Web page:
The province is ramping up to reopen operating rooms to a backlog of 30,000 elective surgeries that were cancelled to clear hospital beds for a potential surge of COVID-19 patients, including those whose surgeries were cancelled at Lions Gate Hospital.
Vancouver Coast Health said patients whose surgeries were cancelled at Lions Gate will be getting called soon by their surgeons to begin rescheduling.
Some of the rescheduled surgeries will happen at Lions Gate while others may be moved to other facilities, including private health-care clinics.
“Vancouver Coastal Health has been looking at how they can safely restart at least some of the surgeries at Lions Gate,” said Dr. Bonnie Henry, provincial health officer on Saturday.
The plan to restart surgeries at both Lions Gate and Richmond hospitals may be “slightly different from the rest” said Henry, because of the ongoing COVID-19 outbreaks in those hospitals.
“They may not be able to do every single type of surgery and manage the outbreak at the same time but they are absolutely looking at plans for how to do it safely,” she said.
The province plans to restart elective surgeries between May 18 and June 15.
So far there’s no indication about when the surgeries will begin at Lions Gate or whether those will start before the COVID-19 outbreak at the hospital is over.
An outbreak of COVID-19 was declared on the sixth floor east of the hospital on April 22. As of Thursday, there were 21 people – including 11 patients and 10 staff - who had tested positive for the virus in the hospital ward.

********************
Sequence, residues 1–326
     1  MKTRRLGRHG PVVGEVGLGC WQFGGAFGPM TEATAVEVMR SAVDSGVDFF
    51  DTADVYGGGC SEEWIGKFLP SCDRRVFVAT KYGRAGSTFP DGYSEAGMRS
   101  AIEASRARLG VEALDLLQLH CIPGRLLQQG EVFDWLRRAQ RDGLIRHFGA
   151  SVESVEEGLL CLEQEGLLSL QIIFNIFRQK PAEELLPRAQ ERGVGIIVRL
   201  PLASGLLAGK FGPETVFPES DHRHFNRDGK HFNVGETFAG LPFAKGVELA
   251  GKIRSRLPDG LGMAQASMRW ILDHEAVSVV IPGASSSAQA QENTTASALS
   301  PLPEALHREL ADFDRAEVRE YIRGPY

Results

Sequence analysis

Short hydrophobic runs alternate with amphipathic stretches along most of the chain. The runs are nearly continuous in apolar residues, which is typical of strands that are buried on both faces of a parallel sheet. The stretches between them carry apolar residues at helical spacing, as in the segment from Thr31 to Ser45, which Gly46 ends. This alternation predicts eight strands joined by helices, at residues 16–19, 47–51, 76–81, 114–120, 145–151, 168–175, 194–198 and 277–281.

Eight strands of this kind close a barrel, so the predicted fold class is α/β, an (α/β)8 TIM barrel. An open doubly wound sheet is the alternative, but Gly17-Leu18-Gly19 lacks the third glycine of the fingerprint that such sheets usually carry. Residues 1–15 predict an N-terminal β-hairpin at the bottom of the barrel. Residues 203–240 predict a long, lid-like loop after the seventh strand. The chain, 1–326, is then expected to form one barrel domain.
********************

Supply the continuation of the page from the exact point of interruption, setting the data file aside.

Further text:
On Thursday, the province announced what Premier John Horgan called an “ambitious” plan to deal with a two-month backlog of elective surgeries. The plan includes extending operating room hours to 5 or 6 p.m., running operating rooms on weekends, continuing work at a ramped-up level during normally slower summer months and expanding the number of publicly funded surgeries performed in private health-care clinics.
In addition to the 30,000 surgeries since March, health officials estimate there could be another 24,000 surgeries that were never added to the surgical wait-lists because of halts to diagnostic and screening tests over the past two months.
Locally, there were almost 4,100 surgeries postponed in the Vancouver Coast Health region between March 16 and May 3, while 3,531 urgent and emergency surgeries were done in the region during that time.
Patients on the waiting list for surgery began getting calls late last week. The province plans to ramp up surgical capacity starting in mid-June.
Patients will be prioritized in order of urgency, said health officials, including those who have been waiting much longer than the recommended time for their surgeries.
Patients will be screened by questioning several times before surgery to determine potential risk for COVID-19. That will determine what level of personal protective equipment staff will be required to wear during surgery.
The province’s plan depends on recruiting more operating room nursing staff and getting part-time and casual nurses to take on more full-time work. It also depends on having enough surgeons and anesthesiologists to perform the surgeries.
Health Minister Adrian Dix said Thursday he is confident enough surgeons will be available to make the plan work. “They profoundly care about the success of the system,” he said. “This is their life’s work.”
Health officials believe it could still take between 17 months and two years to catch up the backlog of cancelled surgeries.
Dix said the additional cost to the health -are system is estimated at $250 million a year.
Asked whether the province made the right call in cancelling the surgeries, both Dix and Horgan defended the decision.
“It was absolutely the right call,” said Dix.